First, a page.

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iOS Generics in Swift Generic Functions, Parameters and Constraints Generic Functions

Jacob Brickell
Jacob Brickell
7,937 Points

Why isn't my answer being accepted? - Swift Generic Functions

This is the question:

Write a function named duplicate with a single generic type parameter T. The function takes two arguments, item of type T, and numberOfTimes of type Int, and returns an array of type T.

The function simply creates an array containing the element duplicated by the number of times specified. For example, calling duplicate(item: 1, numberOfTimes: 4) returns [1, 1, 1, 1].

my answer is this:

func duplicate<T>(item: inout T, numberOfTimes: Int) -> [T] { let newArray = Array(repeating: item, count: numberOfTimes) print(newArray)

return newArray

}

This works in a Swift playground but Treehouse is not accepting my answer. I've seen other ways of doing this but my answer works so I'm wondering if there is anything wrong with it.

generics.swift
func duplicate<T>(item: inout T, numberOfTimes: Int) -> [T] {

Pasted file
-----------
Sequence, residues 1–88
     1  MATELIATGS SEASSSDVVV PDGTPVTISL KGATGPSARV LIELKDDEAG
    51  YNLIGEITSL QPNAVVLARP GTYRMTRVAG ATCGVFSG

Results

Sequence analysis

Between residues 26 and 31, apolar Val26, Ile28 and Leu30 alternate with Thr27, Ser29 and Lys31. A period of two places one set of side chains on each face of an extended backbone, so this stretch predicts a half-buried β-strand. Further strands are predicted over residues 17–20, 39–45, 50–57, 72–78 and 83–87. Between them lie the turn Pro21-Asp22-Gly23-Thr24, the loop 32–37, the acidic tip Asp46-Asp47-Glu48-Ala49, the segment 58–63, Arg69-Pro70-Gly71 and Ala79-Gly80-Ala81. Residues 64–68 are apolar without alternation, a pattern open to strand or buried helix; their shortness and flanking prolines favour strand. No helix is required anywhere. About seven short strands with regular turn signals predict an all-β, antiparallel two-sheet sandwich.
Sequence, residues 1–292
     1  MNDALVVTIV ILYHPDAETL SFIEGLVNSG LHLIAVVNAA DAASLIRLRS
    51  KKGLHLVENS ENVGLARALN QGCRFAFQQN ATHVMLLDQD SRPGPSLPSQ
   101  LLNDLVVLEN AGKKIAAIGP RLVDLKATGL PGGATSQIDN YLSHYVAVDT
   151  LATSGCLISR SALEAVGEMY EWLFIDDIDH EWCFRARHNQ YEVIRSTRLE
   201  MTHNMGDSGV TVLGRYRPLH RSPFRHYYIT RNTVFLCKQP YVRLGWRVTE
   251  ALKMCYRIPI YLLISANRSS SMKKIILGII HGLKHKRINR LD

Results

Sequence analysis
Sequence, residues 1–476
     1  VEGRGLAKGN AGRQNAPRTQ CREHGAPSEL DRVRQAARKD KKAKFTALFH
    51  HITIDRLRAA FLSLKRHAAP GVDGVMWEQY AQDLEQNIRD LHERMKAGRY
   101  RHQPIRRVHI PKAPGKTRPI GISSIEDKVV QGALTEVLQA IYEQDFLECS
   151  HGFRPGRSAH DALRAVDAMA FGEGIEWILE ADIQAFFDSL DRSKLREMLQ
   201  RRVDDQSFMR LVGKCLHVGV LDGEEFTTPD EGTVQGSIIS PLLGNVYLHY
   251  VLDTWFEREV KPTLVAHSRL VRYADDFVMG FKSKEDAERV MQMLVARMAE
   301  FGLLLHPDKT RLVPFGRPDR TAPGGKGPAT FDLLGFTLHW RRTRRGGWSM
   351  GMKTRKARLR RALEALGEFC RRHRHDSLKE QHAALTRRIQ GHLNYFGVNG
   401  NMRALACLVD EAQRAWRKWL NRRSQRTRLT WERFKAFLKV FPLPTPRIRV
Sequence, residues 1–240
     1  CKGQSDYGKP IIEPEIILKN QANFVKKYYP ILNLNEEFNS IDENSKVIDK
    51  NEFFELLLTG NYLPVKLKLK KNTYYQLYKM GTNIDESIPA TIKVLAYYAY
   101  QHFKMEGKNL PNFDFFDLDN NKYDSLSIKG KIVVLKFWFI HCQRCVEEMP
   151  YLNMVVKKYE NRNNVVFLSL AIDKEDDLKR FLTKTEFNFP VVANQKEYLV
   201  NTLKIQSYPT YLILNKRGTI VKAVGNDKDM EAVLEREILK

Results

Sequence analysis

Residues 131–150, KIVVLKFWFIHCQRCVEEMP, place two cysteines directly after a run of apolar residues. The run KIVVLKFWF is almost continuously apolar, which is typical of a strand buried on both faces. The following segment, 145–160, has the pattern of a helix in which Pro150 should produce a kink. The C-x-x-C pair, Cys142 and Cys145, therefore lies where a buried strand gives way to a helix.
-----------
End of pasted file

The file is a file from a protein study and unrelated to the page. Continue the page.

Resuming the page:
let newArray = Array(repeating: item, count: numberOfTimes)
    print(newArray)

    return newArray
}

1 Answer

andren
andren
28,503 Points

The issue is that you have made the item an in-out parameter by using the inout keyword. I don't know how you tested the code in Swift playground, but running your code like this: duplicate(item: 1, numberOfTimes: 4) should not work in any Swift compiler. As in-out parameters do not accept literal or constant values.

Here is an online Swift REPL with your code loaded, if you try to run it the code will crash.

If you remove the inout keyword like this:

func duplicate<T>(item: T, numberOfTimes: Int) -> [T] {
    let newArray = Array(repeating: item, count: numberOfTimes)
    return newArray
}

Then your code will work perfectly fine, and be accepted by the challenge.